Easy to recommend to a newcomer or a fan of Hap and Leonard, Joe R. Lansdale’s OF MICE AND MINESTRONE is laden with the irresistible combination of relaxed badinage and playful threats
Though not due out until April, praise for Joe R. Lansdale’s OF MICE AND MINESTRONE garners a lot of praise.
KIRKUS enjoys the collection.
The dialogue throughout is worth the price of admission, not as stylized as Elmore Leonard’s but laden with the same irresistible combination of relaxed badinage and playful threats that sometimes spiral into serious consequences while still remaining playful.
The 17 down-home recipes contributed by Lansdale’s daughter, Kasey, many of them as chatty as the stories, are a bonus.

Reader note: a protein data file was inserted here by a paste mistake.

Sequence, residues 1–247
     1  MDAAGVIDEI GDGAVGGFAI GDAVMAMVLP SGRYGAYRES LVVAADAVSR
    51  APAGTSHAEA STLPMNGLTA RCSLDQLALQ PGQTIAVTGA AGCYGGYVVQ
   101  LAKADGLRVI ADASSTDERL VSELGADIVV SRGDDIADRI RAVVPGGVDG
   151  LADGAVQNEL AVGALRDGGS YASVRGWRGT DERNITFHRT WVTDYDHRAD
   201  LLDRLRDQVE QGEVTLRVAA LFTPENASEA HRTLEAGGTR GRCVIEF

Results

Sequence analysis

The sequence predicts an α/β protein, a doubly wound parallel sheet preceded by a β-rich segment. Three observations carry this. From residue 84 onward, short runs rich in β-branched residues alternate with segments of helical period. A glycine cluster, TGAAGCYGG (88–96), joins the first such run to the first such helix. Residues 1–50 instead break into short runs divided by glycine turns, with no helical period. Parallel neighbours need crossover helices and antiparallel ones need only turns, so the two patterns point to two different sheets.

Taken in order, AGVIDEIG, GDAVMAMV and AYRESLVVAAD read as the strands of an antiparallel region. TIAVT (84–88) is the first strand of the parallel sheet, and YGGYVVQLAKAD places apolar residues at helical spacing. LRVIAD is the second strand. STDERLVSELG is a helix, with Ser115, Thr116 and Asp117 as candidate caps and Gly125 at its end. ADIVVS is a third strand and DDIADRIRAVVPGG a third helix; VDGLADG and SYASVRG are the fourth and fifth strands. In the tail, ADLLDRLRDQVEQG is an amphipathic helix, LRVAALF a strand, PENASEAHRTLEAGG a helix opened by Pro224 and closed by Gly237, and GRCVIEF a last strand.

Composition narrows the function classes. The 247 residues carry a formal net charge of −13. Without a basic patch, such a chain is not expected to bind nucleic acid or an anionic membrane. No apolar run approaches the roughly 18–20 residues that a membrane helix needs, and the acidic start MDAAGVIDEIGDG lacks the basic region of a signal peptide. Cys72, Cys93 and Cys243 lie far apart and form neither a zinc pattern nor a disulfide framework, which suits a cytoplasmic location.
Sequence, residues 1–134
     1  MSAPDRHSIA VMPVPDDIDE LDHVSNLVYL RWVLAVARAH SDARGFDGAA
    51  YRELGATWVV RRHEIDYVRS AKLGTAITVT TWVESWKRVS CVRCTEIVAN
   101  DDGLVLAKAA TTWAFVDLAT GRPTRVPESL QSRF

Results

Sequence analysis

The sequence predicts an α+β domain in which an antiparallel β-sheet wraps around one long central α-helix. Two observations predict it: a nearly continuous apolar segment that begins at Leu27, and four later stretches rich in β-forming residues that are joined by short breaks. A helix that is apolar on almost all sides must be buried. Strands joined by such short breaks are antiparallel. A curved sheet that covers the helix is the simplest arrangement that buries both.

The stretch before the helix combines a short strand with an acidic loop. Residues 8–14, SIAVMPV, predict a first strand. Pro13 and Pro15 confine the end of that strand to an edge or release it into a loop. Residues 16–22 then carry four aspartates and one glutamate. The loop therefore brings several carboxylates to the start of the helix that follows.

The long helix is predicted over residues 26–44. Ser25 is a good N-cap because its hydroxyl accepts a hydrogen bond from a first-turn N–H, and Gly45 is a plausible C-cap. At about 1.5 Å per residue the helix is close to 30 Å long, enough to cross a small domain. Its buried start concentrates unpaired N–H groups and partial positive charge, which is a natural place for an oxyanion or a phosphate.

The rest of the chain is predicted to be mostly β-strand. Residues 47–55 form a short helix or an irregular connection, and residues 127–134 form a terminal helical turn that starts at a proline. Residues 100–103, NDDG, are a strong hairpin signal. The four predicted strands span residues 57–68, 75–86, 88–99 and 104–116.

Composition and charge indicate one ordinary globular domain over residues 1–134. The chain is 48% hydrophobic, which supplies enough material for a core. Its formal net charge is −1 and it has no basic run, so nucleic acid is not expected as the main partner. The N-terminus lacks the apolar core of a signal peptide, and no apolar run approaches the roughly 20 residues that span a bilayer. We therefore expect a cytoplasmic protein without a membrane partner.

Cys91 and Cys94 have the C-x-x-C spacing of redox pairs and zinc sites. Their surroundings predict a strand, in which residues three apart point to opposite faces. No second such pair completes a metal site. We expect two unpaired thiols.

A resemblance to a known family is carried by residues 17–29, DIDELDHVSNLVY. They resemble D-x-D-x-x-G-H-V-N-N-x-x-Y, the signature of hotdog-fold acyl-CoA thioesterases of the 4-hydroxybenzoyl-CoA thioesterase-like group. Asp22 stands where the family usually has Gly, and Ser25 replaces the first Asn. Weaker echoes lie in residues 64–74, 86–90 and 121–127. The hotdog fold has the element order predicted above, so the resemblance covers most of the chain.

PUBLISHERS WEEKLY feels much the same.
Full of humor, gritty drama, and insightful observations, the five stories in this rewarding collection from Edgar winner Lansdale (The Elephant of Surprise) concentrate on the early years of his two mismatched East Texas private eyes: Hap Collins, a straight, white liberal; and Leonard Pine, a gay, black conservative. Lansdale packs a punch in the standout “Sparring Partner,” in which the pair, as high schoolers, are hired by a ruthless boxing manager to train a weakling college kid and a giant named Man Slayer.
GREEN MAN REVIEW further agrees.
Overall this collection was an excellent piece of regional fiction, focusing on character while reflecting the times and difficulties very well. Like any collection of short stories there are stronger and weaker pieces. However, even the weakest in this collection is worth reading. While the initial stories only feature one of the leads, all help to paint a clear picture of the pair as human beings. These stories evoke the likes of Elmore Leonard, and manage to feel so reflective that one can almost taste the food. Easy to recommend to a newcomer or a fan of Hap and Leonard as a whole.